March 4, 2002 Wisconsin State Journal by Susan Lampert Smith and Ron SeelyThe state is starting aerial surveys and will hire sharpshooters to determine how many western Dane County deer are infected with chronic wasting disease.
State wildlife experts told worried legislators Tuesday that little is known about the spread of the brain disease, a relative of mad cow disease that hasn't been seen before in wild deer outside a 15,000-square-mile area on the border of northeastern Colorado, southern Wyoming and the panhandle of Nebraska.
Lab results returned late last week showed the disease was present in at least three deer shot in November in the town of Vermont -- the first time it's shown up in Wisconsin.
Tom Schulenburg, a town of Vermont farmer whose son shot one of the infected deer, said the 12-point buck looked sickly. The family didn't eat the meat and turned the deer carcass over to the state Department of Natural Resources at the testing station. "It was just a bag of bones, really anorexic-looking," Schulenburg said, adding that he has seen one other sickly looking deer in the area. The DNR is asking that area people report sick deer.
Sarah Shapiro-Hurley, deputy administrator of the DNR's land division, told the Senate Committee on Environmental Resources Tuesday that the state is hiring sharpshooters to kill more deer for sampling, interviewing landowners and conducting helicopter surveys. The state may also give landowners permission to shoot deer that appear sick, she added.
"We really believe that before we can make long-term plans to handle this," Shapiro-Hurley said, "we have to understand the magnitude of the problem. We know so little about the disease. We don't know how it spreads."
The senators want a report in 30 days on how Wisconsin will deal with its first outbreak, said state Sen. Jim Baumgart, D-Sheboygan, who chairs the committee.
"We want your work to be faster rather than slower," Baumgart said, adding the consequences of the disease spreading to deer and possibly domestic livestock are "just unthinkable." He said he may ask the governor for more money to fight the disease.
Last November, state researchers sampled the brain stems of 435 deer shot on opening day of the 2001 gun hunting season at six locations around the state; of 82 samples sent from the Mount Horeb registration station, three tested positive for the disease. None of the other five locations had positive samples.
Chronic wasting disease is part of a family of diseases known as transmissible spongiform encephalopathies, which are believed to spread by small proteins called prions.
There is no evidence that CWD can spread to humans who eat meat from infected deer, said state epidemiologist James Kazmierczak [There is evidence that CWD prions can infect human brain tissue--BSE coordinator]. However, in Europe, about 100 people apparently contracted the fatal human version of the disease by eating beef infected with mad cow disease.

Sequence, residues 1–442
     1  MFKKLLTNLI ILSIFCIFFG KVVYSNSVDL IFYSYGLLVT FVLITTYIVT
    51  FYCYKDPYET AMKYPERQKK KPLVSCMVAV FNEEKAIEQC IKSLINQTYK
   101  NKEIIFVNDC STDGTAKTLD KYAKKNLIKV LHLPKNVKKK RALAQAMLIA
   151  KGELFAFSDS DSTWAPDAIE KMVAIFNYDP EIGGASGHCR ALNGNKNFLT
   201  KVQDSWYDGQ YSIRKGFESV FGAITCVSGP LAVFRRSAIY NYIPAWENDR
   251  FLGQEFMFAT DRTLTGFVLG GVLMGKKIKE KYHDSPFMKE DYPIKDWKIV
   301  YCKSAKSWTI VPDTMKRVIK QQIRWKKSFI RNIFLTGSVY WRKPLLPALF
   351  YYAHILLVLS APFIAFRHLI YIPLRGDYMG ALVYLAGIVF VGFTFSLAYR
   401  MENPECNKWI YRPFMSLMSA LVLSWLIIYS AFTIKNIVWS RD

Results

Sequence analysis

"We know that ... mad cow disease has crossed the species barrier and caused disease in humans," Kazmierczak said. "So if you're asking if it's impossible (for the deer disease to affect humans) we have to say we don't know."
No one knows why the disease has shown up first in western Dane County, said Kerry Beheler, a wildlife health specialist who ran the sampling program in Mount Horeb. But once the disease arrived, the area's bountiful deer herd can help it spread more easily.
"One general rule is the more animals in an area, the more likely a disease will spread -- it's just like kids (spreading illness) in kindergarten," she said.
Rep. DuWayne Johnsrud, R-Eastman, and head of the Assembly Natural Resources Committee, speculated that the strength of the Quality Deer Management program in the area played a role. Quality Deer Management, a voluntary landowner and hunter program, stresses that hunters should let small bucks go so they grow older and develop larger antlers.
"To get the bigger horns, you have to feed them supplements," said Johnsrud, a longtime opponent of deer feeding and baiting. He speculated that supplements made of bone meal could spread disease, as could gathering deer at feed stations.
But Pat Sutter, a town of Vermont resident and Quality Deer Management advocate, said it could be that the disease -- which takes at least a year and a half to show up in deer -- is being detected in the area precisely because its bucks are older.
"It may be because of Quality Deer Management that they found it," said Sutter, who said neighbors are very concerned both about the disease and the steps the DNR may take to control it.
"It just breaks my heart that we've worked for 15 years to improve the herd," Sutter said. "What really shocks me is that it fell right in the middle of a very healthy herd."
DNR district spokesman Greg Matthews said the DNR is planning an information session in the area in coming weeks.
"We believe more deer in that area might be infected with CWD," Matthews said. "In all likelihood, there are more."